This Day in Legal History: Michigan Joins the Union
On this day, January 26, in 1837, a pivotal moment in United States history unfolded as Michigan was admitted to the Union as the 26th state. This event marked not only a geographic expansion but also a significant legal and political milestone in the nation's history.
The journey to statehood was fraught with legal challenges and territorial disputes, notably the Toledo War, a boundary dispute with Ohio. This conflict was rooted in conflicting state and federal legislation and conflicting surveys of the Ohio-Michigan border. The resolution of this dispute was critical to Michigan's path to statehood.
The Toledo War sounds like a weird bit of history, so let’s take a detour and talk about that for a minute. It was a boundary dispute between the U.S. states of Ohio and the then Michigan Territory, and erupted in 1835 and lasted into 1836. At the heart of the conflict was the city of Toledo, strategically positioned at the western end of Lake Erie, and both jurisdictions claimed it due to conflicting state and federal legislation and surveys. The dispute was characterized more by political maneuvering and posturing than actual combat, with only a few minor skirmishes and no casualties. The resolution came with the passage of the Michigan Enabling Act of 1836, where Michigan agreed to cede its claim to the Toledo Strip in exchange for statehood and the western Upper Peninsula. This resolution highlighted the complex interplay of federal and state politics in early America, and the Toledo War stands as a unique and somewhat peculiar incident in U.S. legal and territorial history.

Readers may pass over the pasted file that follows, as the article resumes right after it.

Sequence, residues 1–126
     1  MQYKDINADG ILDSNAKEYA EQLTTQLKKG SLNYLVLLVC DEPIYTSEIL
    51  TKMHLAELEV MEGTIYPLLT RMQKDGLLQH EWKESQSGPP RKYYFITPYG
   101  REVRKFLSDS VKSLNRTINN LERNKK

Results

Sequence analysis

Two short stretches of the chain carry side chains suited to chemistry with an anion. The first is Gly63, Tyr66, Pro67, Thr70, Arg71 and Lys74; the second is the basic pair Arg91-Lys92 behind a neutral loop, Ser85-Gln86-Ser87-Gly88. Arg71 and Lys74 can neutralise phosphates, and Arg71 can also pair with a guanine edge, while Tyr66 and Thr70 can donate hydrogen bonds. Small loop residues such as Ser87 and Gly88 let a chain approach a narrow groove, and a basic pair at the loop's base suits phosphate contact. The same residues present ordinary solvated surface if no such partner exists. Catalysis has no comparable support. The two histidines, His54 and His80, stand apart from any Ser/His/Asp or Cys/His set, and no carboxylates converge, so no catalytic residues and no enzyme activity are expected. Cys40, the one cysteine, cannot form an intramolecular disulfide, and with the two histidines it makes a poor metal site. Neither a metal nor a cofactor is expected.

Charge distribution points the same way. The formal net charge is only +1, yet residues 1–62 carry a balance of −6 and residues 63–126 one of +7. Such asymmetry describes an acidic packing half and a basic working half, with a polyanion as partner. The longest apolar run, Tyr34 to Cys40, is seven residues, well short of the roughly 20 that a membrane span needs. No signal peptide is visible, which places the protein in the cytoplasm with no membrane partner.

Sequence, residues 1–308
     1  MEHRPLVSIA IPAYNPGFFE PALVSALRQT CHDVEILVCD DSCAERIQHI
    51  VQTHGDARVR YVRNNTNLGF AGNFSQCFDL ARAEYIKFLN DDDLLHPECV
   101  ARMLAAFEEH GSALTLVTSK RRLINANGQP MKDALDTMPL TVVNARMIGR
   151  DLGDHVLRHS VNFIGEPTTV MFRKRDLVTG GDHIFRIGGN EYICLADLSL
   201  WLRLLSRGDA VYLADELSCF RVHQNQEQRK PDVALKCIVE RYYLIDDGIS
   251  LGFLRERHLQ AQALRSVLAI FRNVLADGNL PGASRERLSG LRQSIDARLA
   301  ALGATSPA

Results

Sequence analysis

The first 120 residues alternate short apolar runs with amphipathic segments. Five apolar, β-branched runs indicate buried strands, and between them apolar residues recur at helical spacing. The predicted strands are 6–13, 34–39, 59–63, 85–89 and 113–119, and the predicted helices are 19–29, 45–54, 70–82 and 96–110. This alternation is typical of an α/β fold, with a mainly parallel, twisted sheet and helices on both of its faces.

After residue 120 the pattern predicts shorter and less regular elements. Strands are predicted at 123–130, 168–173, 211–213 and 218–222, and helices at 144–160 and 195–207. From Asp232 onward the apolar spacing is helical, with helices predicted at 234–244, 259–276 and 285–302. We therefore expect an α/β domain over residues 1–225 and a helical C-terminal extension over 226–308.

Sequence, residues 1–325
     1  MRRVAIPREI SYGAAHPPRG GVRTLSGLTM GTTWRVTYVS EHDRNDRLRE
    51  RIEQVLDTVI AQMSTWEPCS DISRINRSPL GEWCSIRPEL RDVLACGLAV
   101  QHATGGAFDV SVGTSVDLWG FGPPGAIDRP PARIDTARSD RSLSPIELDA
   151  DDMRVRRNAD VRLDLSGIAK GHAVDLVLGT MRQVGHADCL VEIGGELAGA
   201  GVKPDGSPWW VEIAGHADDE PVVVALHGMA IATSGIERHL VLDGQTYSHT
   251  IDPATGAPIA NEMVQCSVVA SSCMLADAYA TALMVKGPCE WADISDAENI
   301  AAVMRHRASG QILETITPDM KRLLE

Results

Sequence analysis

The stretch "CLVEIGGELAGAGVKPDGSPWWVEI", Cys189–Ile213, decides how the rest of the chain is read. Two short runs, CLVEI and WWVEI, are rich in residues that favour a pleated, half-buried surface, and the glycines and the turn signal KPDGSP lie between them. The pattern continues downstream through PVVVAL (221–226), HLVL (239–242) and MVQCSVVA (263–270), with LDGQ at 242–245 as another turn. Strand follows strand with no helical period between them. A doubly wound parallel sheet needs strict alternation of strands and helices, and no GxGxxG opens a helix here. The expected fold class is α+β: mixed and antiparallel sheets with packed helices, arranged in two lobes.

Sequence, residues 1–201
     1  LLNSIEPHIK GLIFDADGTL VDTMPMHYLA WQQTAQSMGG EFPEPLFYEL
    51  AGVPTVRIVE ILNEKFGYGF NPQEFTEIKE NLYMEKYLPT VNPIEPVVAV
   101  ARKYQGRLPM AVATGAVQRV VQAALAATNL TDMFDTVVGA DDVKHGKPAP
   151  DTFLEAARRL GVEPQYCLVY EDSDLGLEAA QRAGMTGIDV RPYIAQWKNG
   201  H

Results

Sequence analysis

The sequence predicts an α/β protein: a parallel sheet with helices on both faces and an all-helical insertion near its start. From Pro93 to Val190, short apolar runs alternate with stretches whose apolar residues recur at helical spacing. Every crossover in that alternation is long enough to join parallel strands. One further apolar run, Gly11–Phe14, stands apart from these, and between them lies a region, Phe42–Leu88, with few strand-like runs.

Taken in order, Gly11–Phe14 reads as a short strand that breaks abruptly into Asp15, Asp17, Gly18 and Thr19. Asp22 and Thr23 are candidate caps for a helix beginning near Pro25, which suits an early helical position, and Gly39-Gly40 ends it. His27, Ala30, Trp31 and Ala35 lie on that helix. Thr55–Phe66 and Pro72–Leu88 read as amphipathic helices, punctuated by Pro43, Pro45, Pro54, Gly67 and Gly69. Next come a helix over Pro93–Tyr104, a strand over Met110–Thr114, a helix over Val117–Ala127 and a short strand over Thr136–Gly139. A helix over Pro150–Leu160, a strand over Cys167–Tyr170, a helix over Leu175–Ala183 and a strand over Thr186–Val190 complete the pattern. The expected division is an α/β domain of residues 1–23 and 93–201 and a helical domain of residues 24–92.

The legal implications of Michigan's admission were profound. The state's constitution, drafted in 1835, was a progressive document for its time. It established a public education system and prohibited imprisonment for debt, reflecting a forward-thinking approach to governance and civil liberties.
Michigan's statehood also had a significant impact on federal politics. The balance between free and slave states in the U.S. Senate was a contentious issue, and Michigan's admission as a free state was part of a larger political and legal narrative leading up to the American Civil War.
In addition, Michigan's rich natural resources, particularly its vast timber reserves, played a crucial role in its economic development. This led to legal developments in environmental and resource management laws, setting precedents for other states.
The state's diverse population, including a significant number of Native Americans, also led to legal developments concerning indigenous rights and land treaties. Michigan's history of negotiation and treaties with Native American tribes was an important part of its early legal landscape.